Guest Column

Daw Aung San Suu Kyi is Still Myanmar’s Best Hope

By Tin Maung Htoo 14 September 2017

Myanmar’s de facto leader Daw Aung San Suu Kyi is being criticized by NGOs, media organizations, western governments and some Muslim countries for not being able to protect the 1.1 million Muslims in Rakhine State, who self-identify as Rohingya but are widely referred to in the country as “Bengali” to infer that they are interlopers from Bangladesh.

Some have called for her to be stripped of her Nobel Prize and the honorary Canadian citizenship conferred to her, and for international sanctions and intervention.

Currently, emotions are running high and shaming her has contributed to that. Deep-rooted conflict between the two communities – Buddhists and Muslims – is complex and there is no quick fix; a gradual process is required for a long-lasting solution.

The underlying question is to what extent we know the truth about the situation on the ground or the history between the two communities. It would be wrong to assume that we are fully informed by what we see online or in the media.

Fake news and images have circulated on both sides, exacerbating the situation and making it increasingly difficult to identify the truth. International human rights organizations and the Myanmar government have at times taken part in the spread of some of this misinformation.

Burmese people abroad and at home are increasingly suspicious of the intents of NGOs, the media and some Muslim countries, and point to biased reporting and alleged evidence of participation in the destabilization of the region. Some sources have claimed that groups working on the issue have received financial support from Gulf countries.

There is no doubt that the current humanitarian crisis is a direct result of recent extremist attacks, but repeated condemnation of the government and military counter operations are not fair in the eyes of many Burmese, and encourage ongoing violence. The government, army and majority of the population are united in their response to this crisis, and reasonable international calls might fall on deaf ears under the circumstances.

Meanwhile, we also need to take into account regional and global geopolitical situations. Myanmar has two strong supporters – the US (although their involvement is waning) and China, as well as India.

In that regard, a soft power like Canada needs to be creative and persuasive – to help diffuse the ongoing tension, alleviate the suffering of those who fled the violence, and make reasonable recommendations to the government and people of Myanmar – as the government cannot go against wide popular sentiment. We cannot expect to completely impose international norms and standards on Myanmar, as it is still far from being a truly democratic country.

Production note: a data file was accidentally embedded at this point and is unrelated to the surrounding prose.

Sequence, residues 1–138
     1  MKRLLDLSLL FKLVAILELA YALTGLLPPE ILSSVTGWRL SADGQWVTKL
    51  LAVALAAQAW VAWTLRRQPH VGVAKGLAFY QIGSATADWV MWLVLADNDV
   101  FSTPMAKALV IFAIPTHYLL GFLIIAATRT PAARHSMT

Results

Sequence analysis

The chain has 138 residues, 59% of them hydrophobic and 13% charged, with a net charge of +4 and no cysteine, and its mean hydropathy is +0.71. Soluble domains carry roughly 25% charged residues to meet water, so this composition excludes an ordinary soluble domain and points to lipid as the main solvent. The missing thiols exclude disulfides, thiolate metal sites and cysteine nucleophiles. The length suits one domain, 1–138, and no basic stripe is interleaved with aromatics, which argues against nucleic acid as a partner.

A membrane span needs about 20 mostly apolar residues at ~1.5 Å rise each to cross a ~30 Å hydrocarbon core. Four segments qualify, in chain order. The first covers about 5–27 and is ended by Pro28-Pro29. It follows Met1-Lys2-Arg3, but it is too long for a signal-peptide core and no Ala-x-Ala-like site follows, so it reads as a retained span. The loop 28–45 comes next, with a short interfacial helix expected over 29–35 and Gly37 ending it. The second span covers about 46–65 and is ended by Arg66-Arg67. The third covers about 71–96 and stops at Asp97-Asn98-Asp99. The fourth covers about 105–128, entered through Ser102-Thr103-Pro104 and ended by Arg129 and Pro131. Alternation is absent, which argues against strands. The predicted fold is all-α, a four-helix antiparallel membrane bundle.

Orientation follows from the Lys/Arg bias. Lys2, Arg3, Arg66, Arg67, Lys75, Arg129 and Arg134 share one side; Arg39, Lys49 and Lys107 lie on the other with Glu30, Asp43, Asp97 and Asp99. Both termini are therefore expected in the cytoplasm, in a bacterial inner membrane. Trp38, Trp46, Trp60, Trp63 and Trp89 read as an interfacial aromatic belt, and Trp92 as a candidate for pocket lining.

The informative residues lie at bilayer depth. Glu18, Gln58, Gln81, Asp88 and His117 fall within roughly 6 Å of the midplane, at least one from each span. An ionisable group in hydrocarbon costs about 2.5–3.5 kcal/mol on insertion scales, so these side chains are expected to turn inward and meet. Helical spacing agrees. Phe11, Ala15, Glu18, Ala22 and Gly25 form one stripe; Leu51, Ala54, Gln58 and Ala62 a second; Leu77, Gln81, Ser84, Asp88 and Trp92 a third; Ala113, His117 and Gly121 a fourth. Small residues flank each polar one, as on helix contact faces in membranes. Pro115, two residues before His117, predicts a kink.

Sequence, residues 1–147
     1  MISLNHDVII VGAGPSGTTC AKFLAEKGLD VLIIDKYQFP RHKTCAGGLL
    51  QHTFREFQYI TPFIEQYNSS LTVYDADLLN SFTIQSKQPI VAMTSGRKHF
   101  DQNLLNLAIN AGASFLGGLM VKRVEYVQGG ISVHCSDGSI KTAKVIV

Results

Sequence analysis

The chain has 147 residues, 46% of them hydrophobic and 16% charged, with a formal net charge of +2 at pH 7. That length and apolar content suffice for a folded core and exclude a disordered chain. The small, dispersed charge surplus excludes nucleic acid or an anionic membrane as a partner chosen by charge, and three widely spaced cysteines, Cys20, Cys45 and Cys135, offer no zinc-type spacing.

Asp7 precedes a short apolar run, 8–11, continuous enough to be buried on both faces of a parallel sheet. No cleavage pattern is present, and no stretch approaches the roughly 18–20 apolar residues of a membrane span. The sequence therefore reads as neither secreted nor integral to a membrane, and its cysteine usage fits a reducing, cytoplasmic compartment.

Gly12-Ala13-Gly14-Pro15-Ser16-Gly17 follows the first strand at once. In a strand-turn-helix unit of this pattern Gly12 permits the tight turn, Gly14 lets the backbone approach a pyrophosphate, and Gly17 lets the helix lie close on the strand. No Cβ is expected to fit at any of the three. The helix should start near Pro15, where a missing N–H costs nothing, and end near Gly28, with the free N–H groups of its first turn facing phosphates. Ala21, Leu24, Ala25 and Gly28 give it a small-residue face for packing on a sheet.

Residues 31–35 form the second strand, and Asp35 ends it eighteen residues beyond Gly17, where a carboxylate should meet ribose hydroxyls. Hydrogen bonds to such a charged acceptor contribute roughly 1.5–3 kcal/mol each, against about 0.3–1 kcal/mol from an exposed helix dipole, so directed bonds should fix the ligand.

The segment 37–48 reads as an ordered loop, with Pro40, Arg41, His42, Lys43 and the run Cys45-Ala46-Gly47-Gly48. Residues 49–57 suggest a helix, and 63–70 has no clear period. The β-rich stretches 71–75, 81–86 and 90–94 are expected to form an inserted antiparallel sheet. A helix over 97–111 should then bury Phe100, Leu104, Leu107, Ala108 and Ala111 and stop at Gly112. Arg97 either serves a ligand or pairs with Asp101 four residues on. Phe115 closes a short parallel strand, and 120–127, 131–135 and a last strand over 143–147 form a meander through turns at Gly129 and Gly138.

Former Australian Prime Minister Kevin Rudd has come out to say that the information being portrayed is “misguided, misinformed.” Two former US Ambassadors to Burma, Priscilla Clapp and Derek Mitchell, have also discussed the complexity of the situation on the ground and the state counselor’s difficult position.

Of course, Daw Aung San Suu Kyi  – now a politician – is facing the difficult decision of going along with her constituency or pleasing the international community. This is after setting up the Kofi Annan-led Rakhine State Advisory Commission, which was given the mandate of recommending viable solutions to the issues and Rakhine.

The government was reportedly willing to implement these suggestions but violence broke out just hours after the commission delivered its final report. On Aug. 25, the Arakan Rohingya Salvation Army (ARSA) attacked 30 police outposts in Rakhine State. The series of attacks were coordinated and premeditated. ARSA’s leader Ata Ullah was born in Pakistan and raised in Saudi Arabia. He led a group of insurgents that previously attacked border guard posts in Rakhine State in October 2016.

It seems as though these attacks were meant to raise international attention and call for intervention against subsequent military operations. Ongoing operations have caused Muslim, Buddhist and Hindu communities in the state to flee, while the international community has focused its attention on the Muslim refugees, fulfilling the militant group’s agenda.

Condemnation is easy. But searching for a viable solution requires patience, thought and understanding of the situation. I doubt that Daw Aung San Suu Kyi would mind being stripped of her honorary Canadian citizenship or even her Nobel Peace Prize. But that is not a solution.

Hundreds of thousands of innocent people are suffering from these conflicts and violence. What we need is to alleviate their suffering and that calls for a constructive, diplomatic approach.

Daw Aung San Suu Kyi is still the best hope for Burma. There is no alternative.

Tin Maung Htoo is the former executive director of Canadian Friends of Burma, which campaigned for democratization in Myanmar since the 1990s.